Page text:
Original Research

Screening for novel risk factors related to peripherally inserted central catheter‐associated complications



Peripherally inserted central catheters (PICCs) are increasingly utilized. Patient and system factors that increase risk of complications should be identified to avoid preventable patient harm.


A case control analysis of adult inpatients who underwent PICC placement from January 2009 to January 2010 at Scott & White Memorial Hospital was conducted to determine the incidence and risk factors for complications. One hundred seventy cases of inpatients who experienced PICC‐related complications were identified. Age‐ and gender‐matched controls were randomly selected among patients who underwent PICC placement without documented complications during this time.


A total of 1444 PICCs were placed, with a complication rate of 11.77% (95% confidence interval: 10.11%‐13.44%). Complications included catheter‐associated thrombosis (3%), mechanical complications (4%), catheter‐associated bloodstream infections (2%), and cellulitis (1%). In multivariable logistic regression analyses, malnutrition and after‐hours placement were significantly associated with increased risk of complications, as was body mass index (BMI) >30 after adjusting for anticoagulation and time of placement. In a secondary multivariable logistic regression analysis, after‐hours placement and malnutrition were significantly associated with increased risk of nonmechanical complications. Additionally, in conditional univariate analyses, length of stay, malnutrition, and after‐hours placement were associated with increased risk of catheter‐associated thrombosis. In our multivariable logistic regression analyses, use of anticoagulation/antiplatelet agents was associated with decreased risk of all‐cause complications, nonmechanical complications, and catheter‐associated thrombosis.


Screening of patients undergoing PICC placement with attention to malnutrition, BMI >30, and length of stay may reduce the risk of PICC‐associated complications. Use of anticoagulation/antiplatelet agents and avoiding after‐hours placement may reduce complications and enhance patient safety. Journal of Hospital Medicine 2014;9:481–489. © 2014 Society of Hospital Medicine

© 2014 Society of Hospital Medicine

Peripherally inserted central venous catheters (PICCs) are used for a variety of indications, including administration of long‐term intravenous (IV) antibiotics, home IV medications, chemotherapy, and parenteral nutrition.[1, 2, 3] Additionally, PICCs have also been recognized as an alternative to large‐bore central venous catheters such as subclavian or internal jugular central venous catheters. PICCs have been associated with fewer bloodstream infections in patients with cancer than tunneled catheters.[4] Compared to central venous catheters, they demonstrate reduced complication rates,[5] decreased cost,[6] and increased safety for longer durations of use.[1, 2, 3, 7, 8, 9]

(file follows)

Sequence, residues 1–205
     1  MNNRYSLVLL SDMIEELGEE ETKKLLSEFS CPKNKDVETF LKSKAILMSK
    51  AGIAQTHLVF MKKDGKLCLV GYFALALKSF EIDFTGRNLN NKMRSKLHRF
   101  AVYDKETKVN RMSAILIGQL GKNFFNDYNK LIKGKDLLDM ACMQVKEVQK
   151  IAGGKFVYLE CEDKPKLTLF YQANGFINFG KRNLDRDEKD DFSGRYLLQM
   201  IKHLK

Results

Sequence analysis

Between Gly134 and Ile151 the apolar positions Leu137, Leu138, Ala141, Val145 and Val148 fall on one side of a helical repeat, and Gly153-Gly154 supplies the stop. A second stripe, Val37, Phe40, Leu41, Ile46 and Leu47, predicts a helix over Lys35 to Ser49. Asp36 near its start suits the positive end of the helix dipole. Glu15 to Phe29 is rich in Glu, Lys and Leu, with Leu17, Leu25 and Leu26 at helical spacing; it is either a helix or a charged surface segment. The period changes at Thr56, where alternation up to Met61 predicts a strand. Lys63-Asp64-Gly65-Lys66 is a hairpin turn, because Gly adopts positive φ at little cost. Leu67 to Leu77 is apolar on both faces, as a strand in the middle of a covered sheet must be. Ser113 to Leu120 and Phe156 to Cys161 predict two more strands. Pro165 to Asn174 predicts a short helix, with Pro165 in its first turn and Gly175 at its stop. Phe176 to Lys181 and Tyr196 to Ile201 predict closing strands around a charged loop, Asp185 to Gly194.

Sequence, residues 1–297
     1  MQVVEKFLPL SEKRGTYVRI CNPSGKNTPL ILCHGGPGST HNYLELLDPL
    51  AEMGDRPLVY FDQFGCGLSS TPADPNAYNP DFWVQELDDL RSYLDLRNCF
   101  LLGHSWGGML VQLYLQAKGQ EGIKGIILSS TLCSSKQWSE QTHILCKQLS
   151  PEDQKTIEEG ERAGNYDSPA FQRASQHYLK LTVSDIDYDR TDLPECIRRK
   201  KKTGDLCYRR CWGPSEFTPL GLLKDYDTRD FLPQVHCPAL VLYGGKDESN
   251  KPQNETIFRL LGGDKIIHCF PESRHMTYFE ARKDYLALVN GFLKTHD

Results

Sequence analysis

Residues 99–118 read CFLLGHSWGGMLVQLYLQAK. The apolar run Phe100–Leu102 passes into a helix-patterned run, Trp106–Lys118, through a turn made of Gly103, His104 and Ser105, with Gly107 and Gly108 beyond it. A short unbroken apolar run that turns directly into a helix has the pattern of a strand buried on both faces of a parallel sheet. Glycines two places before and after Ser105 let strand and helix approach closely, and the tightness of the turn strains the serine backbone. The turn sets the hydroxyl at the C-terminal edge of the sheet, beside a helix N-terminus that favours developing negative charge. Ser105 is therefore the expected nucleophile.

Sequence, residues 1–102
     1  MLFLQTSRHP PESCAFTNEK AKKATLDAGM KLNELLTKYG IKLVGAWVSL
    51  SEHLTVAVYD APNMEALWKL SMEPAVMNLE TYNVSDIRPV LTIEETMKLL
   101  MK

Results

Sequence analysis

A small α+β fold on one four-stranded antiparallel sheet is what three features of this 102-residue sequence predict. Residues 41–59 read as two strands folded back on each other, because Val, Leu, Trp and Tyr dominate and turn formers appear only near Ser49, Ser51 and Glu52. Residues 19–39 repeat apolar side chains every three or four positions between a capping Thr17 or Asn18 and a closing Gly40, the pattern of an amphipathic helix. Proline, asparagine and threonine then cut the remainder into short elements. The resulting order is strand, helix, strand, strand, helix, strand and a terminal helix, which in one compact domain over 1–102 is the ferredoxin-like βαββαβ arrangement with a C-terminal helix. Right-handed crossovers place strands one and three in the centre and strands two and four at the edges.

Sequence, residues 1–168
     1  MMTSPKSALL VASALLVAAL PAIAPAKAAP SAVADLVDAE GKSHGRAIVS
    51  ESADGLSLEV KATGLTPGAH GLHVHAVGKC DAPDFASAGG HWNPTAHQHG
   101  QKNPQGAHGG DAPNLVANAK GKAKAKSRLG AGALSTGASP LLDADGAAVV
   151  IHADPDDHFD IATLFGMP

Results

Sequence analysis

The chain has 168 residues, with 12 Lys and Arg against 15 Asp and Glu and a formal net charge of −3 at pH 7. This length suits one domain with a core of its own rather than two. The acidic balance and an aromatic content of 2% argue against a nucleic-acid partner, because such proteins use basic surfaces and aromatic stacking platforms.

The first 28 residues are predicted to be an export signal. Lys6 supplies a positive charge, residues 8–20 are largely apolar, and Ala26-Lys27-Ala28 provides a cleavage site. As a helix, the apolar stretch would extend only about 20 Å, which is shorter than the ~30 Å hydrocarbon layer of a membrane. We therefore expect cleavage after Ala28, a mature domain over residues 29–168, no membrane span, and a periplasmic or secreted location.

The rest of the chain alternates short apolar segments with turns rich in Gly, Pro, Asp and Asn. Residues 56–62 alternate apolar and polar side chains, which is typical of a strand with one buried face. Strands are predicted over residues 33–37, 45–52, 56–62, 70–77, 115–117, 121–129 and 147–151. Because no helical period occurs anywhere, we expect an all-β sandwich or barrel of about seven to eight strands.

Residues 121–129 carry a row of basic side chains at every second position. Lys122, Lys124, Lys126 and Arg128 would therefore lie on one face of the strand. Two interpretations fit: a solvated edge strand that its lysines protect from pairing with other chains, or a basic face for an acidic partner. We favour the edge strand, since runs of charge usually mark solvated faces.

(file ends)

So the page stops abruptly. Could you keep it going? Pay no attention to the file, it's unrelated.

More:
Despite the numerous benefits of PICCs, Prandoni et al. estimate an all‐cause complication rate of 12% to 17% with the use of PICCs.[10] Associated complications include infection,[11] pain, bleeding, and mechanical dysfunction, all of which contribute to patient discomfort and additional healthcare costs.[12] Bloodstream infections, for example, had previously been thought to occur at a substantially lower rate in PICCs than central venous catheters.[13] However, a recent systematic review suggests the rate of PICC‐associated bloodstream infections in the inpatient setting is actually comparable to that of central venous catheters.[14] Perhaps the most serious PICC‐associated complication is catheter‐related venous thrombosis. A recent systematic review and meta‐analysis found evidence to suggest the rate of catheter‐related venous thrombosis was highest in patients with cancer or critical illness15; additionally, rates of thrombosis associated with PICCs were higher than those associated with subclavian or internal jugular central venous catheters.[15, 16] Fletcher et al. showed an 8.1% incidence of symptomatic PICC‐related upper extremity deep vein thrombosis (DVT) in the neurosurgical intensive care unit, with 15% of patients subsequently developing a pulmonary embolism.[17] A recent prospective, randomized controlled trial by Itkin et al. similarly demonstrated symptomatic DVT rates of approximately 4%.[18] However, in this study, when PICCs were routinely screened for thrombosis (with or without associated symptoms), approximately 72% demonstrated thrombosis,[18] suggesting that many PICC‐associated thromboses may be clinically undetected. This may have far‐reaching clinical significance, as pulmonary embolism complicates upper extremity DVT in 9% of cases and can result in a mortality rate as high as 25%.[10, 19]